When Kitty Coleman Ward discovered her great-great-great-grandfather was buried in a small family plot just off Washington Road, she was shocked.
"I thought my tree stopped at Magnolia," said Mrs. Ward, speaking of Augusta's Magnolia Cemetery, where many of her ancestors were laid to rest.
But the final resting place of Lindsay Coleman, a prominent resident who served as an attorney and as captain of the Augusta Fire Company in the late 18th century, and many of his prominent kin, has not been so peaceful.
Vandals have stolen bricks and destroyed heavy monuments at Coleman-Leigh-Warren Cemetery. Over the years, weeds and shrubbery have grown between the graves, and the roots of several trees have helped crumble the cemetery's protective wall.
Michele Rhodes Schaumann, 31, said it was "rotten" for vandals to desecrate the property. Mrs. Schaumann's great-great-great-great-grandfather, Benjamin Holmes Warren, a wealthy lawyer and landowner who married one of Lindsay Coleman's three daughters, is buried at the cemetery.
Mrs. Schaumann and Mrs. Ward are helping to restore the cemetery, thanks to a grass-roots campaign called Friends of Coleman-Leigh-Warren Cemetery.
City officials and volunteers also are working to preserve the rich history found in Augusta's cemeteries.
For the past several years, Jerry Murphy, records clerk for Augusta's three city-run cemeteries, Magnolia, West View and Cedar Grove, has headed a computerized grave-logging project to identify and locate the people buried in each cemetery.
The search engine contains as much information as is available about the deceased person, such as birth and death dates, cause of death and even gravestone locations, Mr. Murphy said.
As of mid-March, volunteers had logged about 25,000 grave entries into the database, he said. There are still about 10,000 more entries to go in Magnolia Cemetery alone, he said.
Preservation is important because cemeteries are "part of our heritage," Mr. Murphy said.
But some cemeteries get forgotten in the hustle of everyday life.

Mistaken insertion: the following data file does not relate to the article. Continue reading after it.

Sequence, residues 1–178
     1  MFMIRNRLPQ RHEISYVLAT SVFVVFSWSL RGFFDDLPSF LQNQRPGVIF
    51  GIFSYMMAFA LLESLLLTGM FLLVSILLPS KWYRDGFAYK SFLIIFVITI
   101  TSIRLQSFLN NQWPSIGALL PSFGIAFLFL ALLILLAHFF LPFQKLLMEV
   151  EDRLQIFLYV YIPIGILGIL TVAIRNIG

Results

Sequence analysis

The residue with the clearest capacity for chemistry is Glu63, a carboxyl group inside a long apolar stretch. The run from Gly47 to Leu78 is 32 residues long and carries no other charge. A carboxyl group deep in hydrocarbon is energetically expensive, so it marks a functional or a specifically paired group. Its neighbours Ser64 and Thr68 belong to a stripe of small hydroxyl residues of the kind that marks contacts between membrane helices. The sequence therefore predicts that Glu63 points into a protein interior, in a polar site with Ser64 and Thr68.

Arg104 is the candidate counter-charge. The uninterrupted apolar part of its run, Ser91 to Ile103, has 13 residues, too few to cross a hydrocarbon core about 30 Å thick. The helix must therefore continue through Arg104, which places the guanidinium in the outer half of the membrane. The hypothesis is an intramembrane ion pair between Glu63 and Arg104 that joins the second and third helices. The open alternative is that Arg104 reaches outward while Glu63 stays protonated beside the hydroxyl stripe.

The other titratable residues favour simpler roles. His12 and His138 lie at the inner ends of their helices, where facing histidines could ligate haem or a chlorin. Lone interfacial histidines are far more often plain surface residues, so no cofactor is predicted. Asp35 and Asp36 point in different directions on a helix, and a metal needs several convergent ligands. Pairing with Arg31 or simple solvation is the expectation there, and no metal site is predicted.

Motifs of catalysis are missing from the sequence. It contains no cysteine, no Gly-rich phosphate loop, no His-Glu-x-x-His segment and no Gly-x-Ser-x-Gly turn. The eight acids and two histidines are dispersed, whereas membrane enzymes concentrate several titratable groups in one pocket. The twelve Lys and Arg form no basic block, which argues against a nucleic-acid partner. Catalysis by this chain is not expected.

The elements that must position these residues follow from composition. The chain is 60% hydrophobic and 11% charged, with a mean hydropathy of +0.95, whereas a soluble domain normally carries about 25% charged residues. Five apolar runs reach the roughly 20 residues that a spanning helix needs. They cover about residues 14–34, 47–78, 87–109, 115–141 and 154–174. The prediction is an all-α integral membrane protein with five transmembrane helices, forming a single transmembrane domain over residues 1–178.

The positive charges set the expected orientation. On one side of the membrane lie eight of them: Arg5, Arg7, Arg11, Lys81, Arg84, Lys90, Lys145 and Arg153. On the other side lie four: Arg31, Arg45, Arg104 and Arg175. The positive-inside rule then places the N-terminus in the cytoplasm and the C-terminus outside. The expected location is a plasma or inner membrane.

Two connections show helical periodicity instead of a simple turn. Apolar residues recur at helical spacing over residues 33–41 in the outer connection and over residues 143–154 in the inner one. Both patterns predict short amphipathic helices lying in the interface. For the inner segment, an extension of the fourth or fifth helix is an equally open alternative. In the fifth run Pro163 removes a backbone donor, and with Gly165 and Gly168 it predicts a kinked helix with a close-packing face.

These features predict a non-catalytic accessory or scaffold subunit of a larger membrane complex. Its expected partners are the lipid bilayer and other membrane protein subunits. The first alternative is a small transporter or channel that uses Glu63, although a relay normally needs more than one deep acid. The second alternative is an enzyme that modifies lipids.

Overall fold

Generations ago, people buried family members on their property, Mr. Murphy said. When they died and the property moved into new ownership, the new residents might not be as attentive about the family plot, he said.
Changing customs about death and little free time also have caused some cemeteries to be forgotten, said Carrie Adamson, the honorary president of the Augusta Genealogical Society.
"There isn't as much interest in funerals, period," she said.
By the end of the 19th century, plots at Augusta's Rollersville Cemetery on Hicks Street began to fill up. It closed at the turn of the century, and many of the people buried there were moved to West View Cemetery.
But Mr. Murphy believes many of the people buried at Rollersville, including an ancestor of his who fought in the Civil War, were left behind.
All that remains today on the property is a monument dedicated in 1981 to the thousands of people once buried there.
At the Carnes family cemetery near Walton Way and Milledge Road, the first person in the United States to man a hot air balloon, an Augusta lawyer, is buried with his second wife and one son.
Peter Carnes was born around 1748 in New Jersey and later moved to Augusta, where he was a prominent attorney, according to records obtained by Historic Augusta Inc. Mr. Carnes was so successful in Augusta, he signed a letter with George Walton, who signed the Declaration of Independence, and three other men welcoming President Washington to Augusta in 1791, the documents said.
Back at Coleman-Leigh-Warren Cemetery, Mr. Cunningham hopes to one day restore the graves and turn it into a quiet green space.
"It's not about those bricks and the cement," said Mr. Cunningham, who planned to be at the cemetery this week to educate anyone who cut through the property on the way to Augusta National Golf Club.
"It's the people and what they meant and what they did for Augusta."
Reach Kate Lewis at (706) 823-3215 or firstname.lastname@example.org.